If you happen to be working for, or with, some of the professional companies like Gleeds, Knight Frank, WYG, Watts and CBRE then the task flows from one department to the next. One team values, buys and sells, another team survey and another does the Facilities Management side of things. Which sounds easy, but really isn’t that simple and specialist skill is under appreciated.  Everyone in that chain cannot be an expert in every aspect of building fabric analysis for example. Each person has their own objective. This approach is mirrored throughout the construction industry. Finger pointing and blame pervade the sector.

No information means no decisions. Indecision slows down the commercial side of life and therefore must be avoided where possible. The clean sheet approach may not be possible in every instance but sometimes the quality and quantity of data at your finger tips are so poor that you have no choice but to take that approach.

Buildings management: Establishing the building condition

A building manager / facility manager / asset manager must use their experience and the right tools to establish the condition of the building before their eyes. Specialist companies, like ourselves, who can survey a building from top to bottom and provide an accurate baseline of performance, track leaks, see delamination, wet insulation, voids, pipework, over heating distribution boards etc and help speed up the process whilst keeping the costs low.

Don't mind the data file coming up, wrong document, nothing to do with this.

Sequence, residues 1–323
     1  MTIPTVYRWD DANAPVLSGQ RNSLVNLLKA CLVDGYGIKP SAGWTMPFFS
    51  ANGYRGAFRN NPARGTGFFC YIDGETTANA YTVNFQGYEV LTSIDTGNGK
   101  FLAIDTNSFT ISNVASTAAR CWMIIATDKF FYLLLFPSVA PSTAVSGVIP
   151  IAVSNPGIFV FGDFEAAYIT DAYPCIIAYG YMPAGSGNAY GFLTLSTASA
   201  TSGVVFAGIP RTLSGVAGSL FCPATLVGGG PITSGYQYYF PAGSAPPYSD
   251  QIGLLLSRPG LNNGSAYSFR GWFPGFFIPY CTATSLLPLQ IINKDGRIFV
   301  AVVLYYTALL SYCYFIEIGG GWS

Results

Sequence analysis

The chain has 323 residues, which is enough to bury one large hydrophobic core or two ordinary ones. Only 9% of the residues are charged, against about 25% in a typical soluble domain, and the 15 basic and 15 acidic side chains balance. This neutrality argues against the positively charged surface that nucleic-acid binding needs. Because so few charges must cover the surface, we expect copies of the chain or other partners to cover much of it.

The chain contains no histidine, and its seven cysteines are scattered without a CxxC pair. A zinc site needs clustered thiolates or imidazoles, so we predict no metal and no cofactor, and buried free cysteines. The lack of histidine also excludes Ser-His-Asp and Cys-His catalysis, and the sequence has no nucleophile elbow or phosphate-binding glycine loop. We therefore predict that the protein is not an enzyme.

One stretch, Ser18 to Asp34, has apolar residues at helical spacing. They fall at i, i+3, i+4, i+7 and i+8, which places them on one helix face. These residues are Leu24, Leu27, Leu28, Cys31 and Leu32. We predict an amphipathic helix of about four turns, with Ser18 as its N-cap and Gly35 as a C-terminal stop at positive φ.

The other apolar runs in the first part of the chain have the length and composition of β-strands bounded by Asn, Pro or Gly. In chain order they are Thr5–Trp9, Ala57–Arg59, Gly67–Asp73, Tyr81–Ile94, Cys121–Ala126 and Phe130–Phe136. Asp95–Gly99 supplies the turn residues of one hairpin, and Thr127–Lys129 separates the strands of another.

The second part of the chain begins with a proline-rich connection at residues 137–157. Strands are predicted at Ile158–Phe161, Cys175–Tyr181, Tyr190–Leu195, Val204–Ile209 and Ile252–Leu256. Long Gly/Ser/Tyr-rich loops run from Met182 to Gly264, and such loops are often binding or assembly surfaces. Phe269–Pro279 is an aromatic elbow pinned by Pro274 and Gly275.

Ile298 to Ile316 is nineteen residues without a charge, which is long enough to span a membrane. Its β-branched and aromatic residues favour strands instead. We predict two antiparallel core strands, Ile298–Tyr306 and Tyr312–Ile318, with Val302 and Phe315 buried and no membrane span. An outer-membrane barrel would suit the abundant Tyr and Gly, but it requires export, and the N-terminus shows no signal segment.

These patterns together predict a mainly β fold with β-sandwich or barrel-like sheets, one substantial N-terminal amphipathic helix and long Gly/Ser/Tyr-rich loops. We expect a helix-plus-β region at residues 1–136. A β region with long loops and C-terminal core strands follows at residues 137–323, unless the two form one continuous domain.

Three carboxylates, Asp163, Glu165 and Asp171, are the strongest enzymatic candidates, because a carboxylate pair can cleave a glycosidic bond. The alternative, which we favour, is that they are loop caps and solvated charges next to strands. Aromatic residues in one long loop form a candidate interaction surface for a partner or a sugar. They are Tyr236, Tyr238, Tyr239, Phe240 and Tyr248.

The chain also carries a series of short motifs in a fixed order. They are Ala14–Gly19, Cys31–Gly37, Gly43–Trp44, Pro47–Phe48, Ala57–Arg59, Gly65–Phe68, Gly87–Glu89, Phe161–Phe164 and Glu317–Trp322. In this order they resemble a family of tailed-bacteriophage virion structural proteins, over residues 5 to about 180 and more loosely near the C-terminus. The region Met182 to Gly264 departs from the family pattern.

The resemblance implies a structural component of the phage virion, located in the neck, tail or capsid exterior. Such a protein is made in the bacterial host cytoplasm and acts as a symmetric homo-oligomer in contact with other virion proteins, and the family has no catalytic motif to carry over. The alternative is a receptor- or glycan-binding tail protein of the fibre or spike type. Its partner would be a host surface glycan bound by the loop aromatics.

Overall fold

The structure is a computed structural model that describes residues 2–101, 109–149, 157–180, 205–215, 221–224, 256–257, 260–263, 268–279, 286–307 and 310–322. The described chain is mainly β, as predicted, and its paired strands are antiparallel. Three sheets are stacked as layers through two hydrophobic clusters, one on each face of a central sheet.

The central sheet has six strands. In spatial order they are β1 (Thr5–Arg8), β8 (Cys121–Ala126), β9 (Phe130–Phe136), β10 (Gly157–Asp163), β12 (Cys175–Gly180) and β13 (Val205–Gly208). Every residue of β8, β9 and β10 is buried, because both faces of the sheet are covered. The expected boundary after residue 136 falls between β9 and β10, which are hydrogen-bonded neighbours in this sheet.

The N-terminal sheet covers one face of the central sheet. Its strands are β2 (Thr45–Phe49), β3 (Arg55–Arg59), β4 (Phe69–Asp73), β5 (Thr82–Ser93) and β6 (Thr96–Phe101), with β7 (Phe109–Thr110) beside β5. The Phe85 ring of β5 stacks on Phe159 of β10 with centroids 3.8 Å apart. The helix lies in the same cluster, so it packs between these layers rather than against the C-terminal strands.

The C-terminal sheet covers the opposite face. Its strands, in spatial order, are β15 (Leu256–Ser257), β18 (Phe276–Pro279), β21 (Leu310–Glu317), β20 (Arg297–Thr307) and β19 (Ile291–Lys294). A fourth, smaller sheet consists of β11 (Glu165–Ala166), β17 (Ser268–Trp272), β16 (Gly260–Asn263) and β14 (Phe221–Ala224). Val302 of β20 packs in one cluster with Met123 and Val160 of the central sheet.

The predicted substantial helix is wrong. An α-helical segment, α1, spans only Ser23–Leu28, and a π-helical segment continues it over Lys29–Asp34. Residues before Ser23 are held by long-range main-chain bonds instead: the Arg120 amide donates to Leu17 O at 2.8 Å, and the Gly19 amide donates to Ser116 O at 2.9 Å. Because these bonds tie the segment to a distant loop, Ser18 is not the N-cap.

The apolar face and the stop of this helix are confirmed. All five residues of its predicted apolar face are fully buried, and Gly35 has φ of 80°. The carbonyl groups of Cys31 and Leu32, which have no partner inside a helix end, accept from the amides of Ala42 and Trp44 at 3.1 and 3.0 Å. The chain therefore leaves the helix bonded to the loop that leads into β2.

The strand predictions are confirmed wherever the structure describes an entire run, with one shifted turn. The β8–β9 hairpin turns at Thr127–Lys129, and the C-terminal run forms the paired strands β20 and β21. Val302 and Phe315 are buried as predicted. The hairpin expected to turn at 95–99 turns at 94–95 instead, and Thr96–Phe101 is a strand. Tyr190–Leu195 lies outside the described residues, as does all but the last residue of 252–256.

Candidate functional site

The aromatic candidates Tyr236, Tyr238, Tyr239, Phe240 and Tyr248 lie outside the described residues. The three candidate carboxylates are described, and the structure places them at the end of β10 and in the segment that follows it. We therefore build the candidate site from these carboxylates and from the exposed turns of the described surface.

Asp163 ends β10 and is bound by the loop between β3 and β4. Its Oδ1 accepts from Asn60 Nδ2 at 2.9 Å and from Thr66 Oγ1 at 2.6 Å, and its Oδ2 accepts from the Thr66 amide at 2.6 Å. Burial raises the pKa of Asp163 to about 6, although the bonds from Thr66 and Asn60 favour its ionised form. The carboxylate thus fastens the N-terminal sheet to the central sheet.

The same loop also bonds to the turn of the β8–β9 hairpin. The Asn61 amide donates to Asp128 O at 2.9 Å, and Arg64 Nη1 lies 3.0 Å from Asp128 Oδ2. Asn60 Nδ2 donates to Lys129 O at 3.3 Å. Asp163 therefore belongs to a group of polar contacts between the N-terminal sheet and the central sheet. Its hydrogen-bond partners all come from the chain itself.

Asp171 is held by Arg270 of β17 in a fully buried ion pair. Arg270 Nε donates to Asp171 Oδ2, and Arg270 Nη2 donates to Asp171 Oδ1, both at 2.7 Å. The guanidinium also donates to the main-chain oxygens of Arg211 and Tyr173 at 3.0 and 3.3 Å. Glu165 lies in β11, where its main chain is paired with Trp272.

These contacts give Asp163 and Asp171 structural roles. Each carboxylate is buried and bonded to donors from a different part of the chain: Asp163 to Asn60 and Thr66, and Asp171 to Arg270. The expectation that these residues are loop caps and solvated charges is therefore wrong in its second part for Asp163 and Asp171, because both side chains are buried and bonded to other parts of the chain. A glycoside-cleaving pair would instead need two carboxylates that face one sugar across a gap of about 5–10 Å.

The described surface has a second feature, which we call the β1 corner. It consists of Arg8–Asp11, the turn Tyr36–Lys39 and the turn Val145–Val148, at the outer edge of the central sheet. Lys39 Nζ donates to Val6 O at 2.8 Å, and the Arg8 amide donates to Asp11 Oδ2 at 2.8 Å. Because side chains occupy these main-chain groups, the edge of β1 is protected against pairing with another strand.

There is also an army of companies out there pushing their own products. Some good, others less so.

Impartial advice ought to be in the forefront of every managers mind. Questions such as: Can I trust this advice? Does it conflict with my own thoughts? Why are they making this recommendation? Do they profit from their advice?

A decent building manager ought to be cynical, diligent, knowledgeable and suspicious! In many ways they need to be Sherlock Holmes but have Bob The Builders “Can we fix it? Yes we can!” attitude.

 

Do you manage old and/or new buildings? Do you want to manage them well and make data-driven decisions? Is this data currently missing from your portfolio? If your answer is ‘YES’ to these three questions, then please do contact us by clicking on the link below.